middle of the seventeenth century, and at the time of the
mediatization of the fiefs, 1694 kinds of notes were in circulation.

The first business of the Government should have been to replace
these unsecured tokens with uniform and sound media of exchange. But
instead of performing that duty the Meiji statesmen saw themselves
compelled to follow the evil example set by the fiefs in past times.
Government notes were issued. They fell at the outset to a discount
of fifty per cent, and various devices, more or less despotic, were
employed to compel their circulation at par. By degrees, however, the
Government's credit improved, and thus, though the issues of
inconvertible notes aggregated sixty million yen at the close of the
first five years of the Meiji era, they passed freely from hand to
hand without discount. But, of course, the need for funds in
connexion with the wholesale reforms and numerous enterprises
inaugurated officially became more and more pressing, so that in the
fourteenth year (1881) after the Restoration, the face value of the
notes in circulation aggregated 180 million yen, and they stood at a
heavy discount.

The Government, after various tentative and futile efforts to correct
this state of depreciation, set themselves to deal radically with the
problem. Chiefly by buying exporters' bills and further by reducing
administrative expenditures as well as by taxing alcohol, a
substantial specie reserve was gradually accumulated, and, by 1885,
the volume of fiduciary notes having been reduced to 119 millions,
whereas the treasury vaults contained forty-five millions of precious
metals, the resumption of specie payments was announced. As for the
national debt, it had its origin in the commutation of the
feudatories' incomes and the samurai's pensions. A small fraction of
these outlays was defrayed with ready money, but the great part took
the form of public loan-bonds. These bonds constituted the bulk of
the State's liabilities during the first half-cycle of the Meiji era,
and when we add the debts of the fiefs, which the Central Government
took over; two small foreign loans; the cost of quelling the Satsuma
rebellion, and various debts incurred on account of public works,
naval construction, and minor purposes, we arrive at the broad fact
that the entire national debt of Japan did not exceed 305 million yen
at the close of the twenty-eighth year of her new era.

A war with China in 1894-1895--to be presently spoken of--and a war
with Russia in 1904-1905, together with the price paid for the
nationalization of railways and for various undertakings, brought the
whole debt of the nation to 2300 million yen in 1907, which is now
being paid off at the rate of fifty million yen annually. It remains
to be noted that, in 1897, Japan took the momentous step of adopting
gold monometallism. The indemnity which she obtained from China after
the war of 1894-1895 brought to her treasury a stock of gold
sufficient to form a substantial specie reserve. Moreover, gold had
appreciated so that its value in terms of silver had exactly doubled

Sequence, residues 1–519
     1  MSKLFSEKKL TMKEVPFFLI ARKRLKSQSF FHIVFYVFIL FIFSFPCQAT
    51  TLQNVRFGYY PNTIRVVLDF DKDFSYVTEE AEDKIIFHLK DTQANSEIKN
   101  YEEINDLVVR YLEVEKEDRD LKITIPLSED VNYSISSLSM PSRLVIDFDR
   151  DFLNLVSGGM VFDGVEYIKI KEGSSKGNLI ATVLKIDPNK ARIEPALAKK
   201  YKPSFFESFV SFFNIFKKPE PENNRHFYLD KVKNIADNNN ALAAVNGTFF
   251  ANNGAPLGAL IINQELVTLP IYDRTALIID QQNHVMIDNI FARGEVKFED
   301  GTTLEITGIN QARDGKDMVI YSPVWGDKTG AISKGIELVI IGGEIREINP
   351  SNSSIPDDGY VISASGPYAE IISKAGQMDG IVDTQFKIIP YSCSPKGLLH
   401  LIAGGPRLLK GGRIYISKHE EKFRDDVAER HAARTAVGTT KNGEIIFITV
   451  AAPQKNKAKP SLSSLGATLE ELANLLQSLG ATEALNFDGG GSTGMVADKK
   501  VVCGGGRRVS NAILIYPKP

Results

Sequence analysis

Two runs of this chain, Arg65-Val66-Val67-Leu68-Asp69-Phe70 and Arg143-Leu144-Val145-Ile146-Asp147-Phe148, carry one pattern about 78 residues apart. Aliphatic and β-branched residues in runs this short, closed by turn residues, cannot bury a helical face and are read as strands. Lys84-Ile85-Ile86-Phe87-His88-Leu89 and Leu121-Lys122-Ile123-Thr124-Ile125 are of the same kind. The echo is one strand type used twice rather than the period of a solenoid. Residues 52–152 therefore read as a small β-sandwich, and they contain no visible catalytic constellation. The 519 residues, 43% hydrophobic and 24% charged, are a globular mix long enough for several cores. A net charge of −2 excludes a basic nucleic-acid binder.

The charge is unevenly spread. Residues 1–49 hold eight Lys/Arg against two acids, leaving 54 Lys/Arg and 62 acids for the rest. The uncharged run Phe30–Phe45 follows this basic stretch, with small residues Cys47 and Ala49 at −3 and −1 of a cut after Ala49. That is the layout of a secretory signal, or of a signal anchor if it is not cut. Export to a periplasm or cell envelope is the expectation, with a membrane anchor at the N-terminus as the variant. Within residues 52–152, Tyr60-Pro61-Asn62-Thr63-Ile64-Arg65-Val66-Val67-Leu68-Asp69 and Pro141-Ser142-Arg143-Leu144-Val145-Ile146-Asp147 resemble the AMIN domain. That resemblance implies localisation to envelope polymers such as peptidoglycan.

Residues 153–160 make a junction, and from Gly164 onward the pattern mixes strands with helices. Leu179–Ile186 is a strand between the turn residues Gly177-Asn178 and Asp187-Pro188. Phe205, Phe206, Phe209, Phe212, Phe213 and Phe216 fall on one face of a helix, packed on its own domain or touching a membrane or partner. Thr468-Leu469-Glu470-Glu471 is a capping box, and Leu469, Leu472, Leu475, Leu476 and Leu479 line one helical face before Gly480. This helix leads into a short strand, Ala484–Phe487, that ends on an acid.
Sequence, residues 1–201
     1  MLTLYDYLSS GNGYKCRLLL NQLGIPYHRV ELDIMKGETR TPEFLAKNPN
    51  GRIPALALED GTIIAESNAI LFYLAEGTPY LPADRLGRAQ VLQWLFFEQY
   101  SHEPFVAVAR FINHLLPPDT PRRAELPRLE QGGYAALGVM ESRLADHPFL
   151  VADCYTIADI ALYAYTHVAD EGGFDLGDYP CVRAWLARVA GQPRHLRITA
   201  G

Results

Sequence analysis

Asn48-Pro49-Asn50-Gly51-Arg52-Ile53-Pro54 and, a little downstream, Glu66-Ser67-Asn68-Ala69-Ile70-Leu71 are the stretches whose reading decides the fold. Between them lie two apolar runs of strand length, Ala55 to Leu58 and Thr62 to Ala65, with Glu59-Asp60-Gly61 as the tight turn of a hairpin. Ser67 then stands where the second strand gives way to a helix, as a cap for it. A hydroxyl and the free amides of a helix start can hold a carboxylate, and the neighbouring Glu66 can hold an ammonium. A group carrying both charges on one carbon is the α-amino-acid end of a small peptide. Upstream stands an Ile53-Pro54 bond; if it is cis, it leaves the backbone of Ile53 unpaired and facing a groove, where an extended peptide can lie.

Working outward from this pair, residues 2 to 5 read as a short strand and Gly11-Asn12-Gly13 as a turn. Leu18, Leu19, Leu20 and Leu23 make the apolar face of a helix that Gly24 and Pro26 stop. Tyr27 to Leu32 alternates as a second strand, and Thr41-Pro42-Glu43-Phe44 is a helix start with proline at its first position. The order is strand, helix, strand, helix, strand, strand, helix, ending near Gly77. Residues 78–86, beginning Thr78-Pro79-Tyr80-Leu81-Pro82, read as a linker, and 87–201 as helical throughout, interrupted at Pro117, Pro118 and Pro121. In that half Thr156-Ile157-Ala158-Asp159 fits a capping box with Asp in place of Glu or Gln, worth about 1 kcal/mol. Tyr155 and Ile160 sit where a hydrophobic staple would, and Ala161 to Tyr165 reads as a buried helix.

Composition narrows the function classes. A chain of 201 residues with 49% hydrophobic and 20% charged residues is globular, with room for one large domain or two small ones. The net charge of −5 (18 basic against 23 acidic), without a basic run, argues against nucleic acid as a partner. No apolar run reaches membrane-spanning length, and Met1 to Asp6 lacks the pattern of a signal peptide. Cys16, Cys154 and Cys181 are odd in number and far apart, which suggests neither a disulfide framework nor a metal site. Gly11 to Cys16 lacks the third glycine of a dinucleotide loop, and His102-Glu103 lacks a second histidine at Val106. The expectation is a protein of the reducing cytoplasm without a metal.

during the first thirty years of the Meiji era. There was
consequently no arithmetical complication connected with the adoption
of the single gold standard. It was only necessary to double the
denomination, leaving the silver subsidiary coins unchanged.

EDUCATION

In the field of education the Meiji statesmen effected speedy
reforms. Comparatively little attention had been directed to this
subject by the rulers of medieval Japan, and the fact that the Meiji
leaders appreciated the necessity of studying the arts and sciences
of the new civilization simultaneously with the adoption of its
products, bears strong testimony to the insight of these remarkable
men. Very shortly after the abolition of feudalism, an extensive
system of public schools was organized and education was made
compulsory. There were schools, colleges, and universities, all
modelled on foreign lines with such alterations as the special
customs of the nation dictated. These institutions grew steadily in
public favour, and to-day over ninety per cent, of boys and girls who
have attained the school age receive education in the common
elementary schools, the average annual cost per child being about 8s.
6d. ($2.00), to which the parents contribute 1.75d. (3.5 cents) per
month. Youths receiving education enjoy certain exemption from
conscription, but as this is in strict accordance with the Western
system, it need not be dwelt upon here.

LOCAL ADMINISTRATION

For purposes of local administration the empire is divided into
prefectures (ken), counties (gun), towns (shi), and districts (cho or
son). The three metropolitan prefectures of Tokyo, Osaka, and Kyoto
are called fu, and their districts are distinguished as "urban" (cho)
and "rural" (son), according to the number of houses they contain.
The prefectures derive their names from their chief towns. The
principle of popular representation is strictly adhered to, every
prefecture, every county, every town, and every district having its
own local assembly, wherein the number of members is fixed in
proportion to the population.